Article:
It's been a year and a half since my last merger article (October,1999) and things seem to have settled down for a bit. Now then is a good time to review the state of play and see where things may go from here.
BMW finally threw up its hands and practically gave away the Rover Group, but first re-organized the more attractive assets into different sections of BMW (UK) Holdings and sold Land Rover to Ford. In addition to the new Mini produced by BMW (UK) Manufacturing, BMW also kept the re-organized Riley and Triumph, British Motor Heritage (producing parts for older English cars) and other businesses such as Midland Powertrain.
After losing to VW in a bid for Rolls-Royce Motor Cars Ltd, BMW made an end run, acquiring the license from aero-engine partner Rolls-Royce PLC. An entirely new car is under development, to be built at a new underground plant at Goodwood (subject to development approvals).
Score: BMW, Mini, Rolls-Royce (active), Riley and Triumph (dormant).
Executives at DaimlerChrysler must be wondering what they have gotten themselves into. After taking control of Mitsubishi Motor Corp. the company is hit with a long string of vehicle problems the company had been hiding from authorities for years. Then Automotive News discovers the company has a problem with US regional offices faking sales to meet quotas. Chrysler has fared just as badly. Increased competition for its key minivans has hit the company hard and the company announced massive losses despite strong sales. Combined with the weak stock market the German-American giant has seen its market value tumble to below the pre-merger level. Speculation surfaced that the company might be vulnerable to a takeover itself. Mercedes-Benz would be the prize, but with both Chrysler and Mitsubishi involved a potential buyer may find the anti-trust issues too great an obstacle. Going back to the future Chrysler and Mitsubishi will co-operate on future models, but new Korean partner Hyundai (with its subsidiary Kia) has been left to fend for itself. The loss of Plymouth adds to DC's roster of fallen marques (Hudson, AMC, DeSoto, Willys etc.).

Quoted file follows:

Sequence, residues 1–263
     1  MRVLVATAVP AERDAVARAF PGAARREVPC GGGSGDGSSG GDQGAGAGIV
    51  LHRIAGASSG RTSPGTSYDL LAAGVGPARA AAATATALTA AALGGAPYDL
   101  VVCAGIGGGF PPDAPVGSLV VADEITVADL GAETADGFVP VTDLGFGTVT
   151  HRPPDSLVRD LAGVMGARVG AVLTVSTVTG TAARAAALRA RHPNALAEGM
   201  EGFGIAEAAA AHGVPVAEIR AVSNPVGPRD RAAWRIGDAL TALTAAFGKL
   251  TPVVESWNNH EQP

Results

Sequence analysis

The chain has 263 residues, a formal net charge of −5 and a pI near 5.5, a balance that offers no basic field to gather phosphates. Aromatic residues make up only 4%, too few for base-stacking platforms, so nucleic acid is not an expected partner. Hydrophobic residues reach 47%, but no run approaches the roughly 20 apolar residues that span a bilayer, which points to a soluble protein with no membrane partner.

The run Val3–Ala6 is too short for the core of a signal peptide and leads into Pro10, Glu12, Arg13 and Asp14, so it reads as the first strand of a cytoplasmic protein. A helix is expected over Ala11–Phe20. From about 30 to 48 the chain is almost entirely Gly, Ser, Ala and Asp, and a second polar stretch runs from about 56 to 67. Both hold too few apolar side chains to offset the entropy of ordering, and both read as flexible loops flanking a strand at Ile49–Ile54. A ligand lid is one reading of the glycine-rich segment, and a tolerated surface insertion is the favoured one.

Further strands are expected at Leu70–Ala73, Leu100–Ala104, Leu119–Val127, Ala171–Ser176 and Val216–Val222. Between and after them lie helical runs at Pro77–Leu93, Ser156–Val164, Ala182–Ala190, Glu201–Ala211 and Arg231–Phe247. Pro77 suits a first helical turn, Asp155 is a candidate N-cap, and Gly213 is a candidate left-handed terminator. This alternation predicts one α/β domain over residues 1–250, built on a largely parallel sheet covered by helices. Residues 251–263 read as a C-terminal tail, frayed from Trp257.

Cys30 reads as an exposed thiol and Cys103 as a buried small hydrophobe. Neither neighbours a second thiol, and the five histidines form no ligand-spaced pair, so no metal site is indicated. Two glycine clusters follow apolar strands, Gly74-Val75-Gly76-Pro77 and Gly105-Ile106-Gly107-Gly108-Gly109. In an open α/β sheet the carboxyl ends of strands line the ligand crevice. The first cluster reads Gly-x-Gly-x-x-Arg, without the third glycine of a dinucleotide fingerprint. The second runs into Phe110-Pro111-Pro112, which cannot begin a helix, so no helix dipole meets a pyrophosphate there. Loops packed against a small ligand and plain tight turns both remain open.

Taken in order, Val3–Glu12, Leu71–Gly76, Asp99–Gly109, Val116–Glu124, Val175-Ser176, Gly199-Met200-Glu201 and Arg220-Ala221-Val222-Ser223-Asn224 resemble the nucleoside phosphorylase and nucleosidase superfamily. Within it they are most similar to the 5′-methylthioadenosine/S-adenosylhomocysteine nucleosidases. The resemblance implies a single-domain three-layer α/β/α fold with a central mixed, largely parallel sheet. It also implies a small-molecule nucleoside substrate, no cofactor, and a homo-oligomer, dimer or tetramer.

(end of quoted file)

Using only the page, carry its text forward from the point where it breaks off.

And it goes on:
Maybach has been part of Daimler's engine business for some time (having built engines for the Zeppelins), and the marque's history producing large expensive cars will finally be revived with a model to compete with BMW's Rolls-Royce and VW's Bentley.
Score: Mercedes-Benz, Dodge, Chrysler, Jeep, Mitsubishi and Maybach.